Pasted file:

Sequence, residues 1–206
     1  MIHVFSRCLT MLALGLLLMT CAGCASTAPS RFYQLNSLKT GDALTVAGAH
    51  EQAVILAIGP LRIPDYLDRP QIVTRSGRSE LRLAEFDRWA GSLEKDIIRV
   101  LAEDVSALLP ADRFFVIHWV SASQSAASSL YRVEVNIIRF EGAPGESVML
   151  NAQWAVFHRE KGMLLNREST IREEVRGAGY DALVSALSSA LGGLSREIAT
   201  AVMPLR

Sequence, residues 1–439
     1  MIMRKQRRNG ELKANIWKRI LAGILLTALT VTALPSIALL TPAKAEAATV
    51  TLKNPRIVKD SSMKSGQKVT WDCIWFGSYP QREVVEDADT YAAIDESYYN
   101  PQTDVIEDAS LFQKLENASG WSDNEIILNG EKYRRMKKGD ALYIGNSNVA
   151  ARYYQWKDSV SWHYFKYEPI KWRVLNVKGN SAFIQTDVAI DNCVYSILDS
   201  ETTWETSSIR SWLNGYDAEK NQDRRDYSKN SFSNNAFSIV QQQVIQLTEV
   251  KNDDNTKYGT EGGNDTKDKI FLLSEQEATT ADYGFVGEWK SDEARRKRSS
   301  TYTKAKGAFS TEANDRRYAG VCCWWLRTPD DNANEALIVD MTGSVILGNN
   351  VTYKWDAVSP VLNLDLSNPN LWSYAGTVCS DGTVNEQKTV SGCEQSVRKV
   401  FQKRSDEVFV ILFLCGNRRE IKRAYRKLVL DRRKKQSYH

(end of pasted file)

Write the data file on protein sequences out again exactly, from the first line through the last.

Sequence, residues 1–206
     1  MIHVFSRCLT MLALGLLLMT CAGCASTAPS RFYQLNSLKT GDALTVAGAH
    51  EQAVILAIGP LRIPDYLDRP QIVTRSGRSE LRLAEFDRWA GSLEKDIIRV
   101  LAEDVSALLP ADRFFVIHWV SASQSAASSL YRVEVNIIRF EGAPGESVML
   151  NAQWAVFHRE KGMLLNREST IREEVRGAGY DALVSALSSA LGGLSREIAT
   201  AVMPLR

Sequence, residues 1–439
     1  MIMRKQRRNG ELKANIWKRI LAGILLTALT VTALPSIALL TPAKAEAATV
    51  TLKNPRIVKD SSMKSGQKVT WDCIWFGSYP QREVVEDADT YAAIDESYYN
   101  PQTDVIEDAS LFQKLENASG WSDNEIILNG EKYRRMKKGD ALYIGNSNVA
   151  ARYYQWKDSV SWHYFKYEPI KWRVLNVKGN SAFIQTDVAI DNCVYSILDS
   201  ETTWETSSIR SWLNGYDAEK NQDRRDYSKN SFSNNAFSIV QQQVIQLTEV
   251  KNDDNTKYGT EGGNDTKDKI FLLSEQEATT ADYGFVGEWK SDEARRKRSS
   301  TYTKAKGAFS TEANDRRYAG VCCWWLRTPD DNANEALIVD MTGSVILGNN
   351  VTYKWDAVSP VLNLDLSNPN LWSYAGTVCS DGTVNEQKTV SGCEQSVRKV
   401  FQKRSDEVFV ILFLCGNRRE IKRAYRKLVL DRRKKQSYH